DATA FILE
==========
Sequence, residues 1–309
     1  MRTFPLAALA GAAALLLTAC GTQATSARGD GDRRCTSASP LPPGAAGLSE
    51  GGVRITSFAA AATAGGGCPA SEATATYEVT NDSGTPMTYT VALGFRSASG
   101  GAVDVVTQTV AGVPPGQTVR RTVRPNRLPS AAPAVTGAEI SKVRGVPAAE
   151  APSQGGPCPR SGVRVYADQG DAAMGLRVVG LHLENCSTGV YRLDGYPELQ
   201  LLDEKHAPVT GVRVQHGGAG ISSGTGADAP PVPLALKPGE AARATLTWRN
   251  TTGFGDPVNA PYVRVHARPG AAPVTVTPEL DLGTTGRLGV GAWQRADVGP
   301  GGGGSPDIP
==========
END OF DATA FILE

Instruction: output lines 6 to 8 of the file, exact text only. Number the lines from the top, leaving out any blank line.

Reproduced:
   201  LLDEKHAPVT GVRVQHGGAG ISSGTGADAP PVPLALKPGE AARATLTWRN
   251  TTGFGDPVNA PYVRVHARPG AAPVTVTPEL DLGTTGRLGV GAWQRADVGP
   301  GGGGSPDIP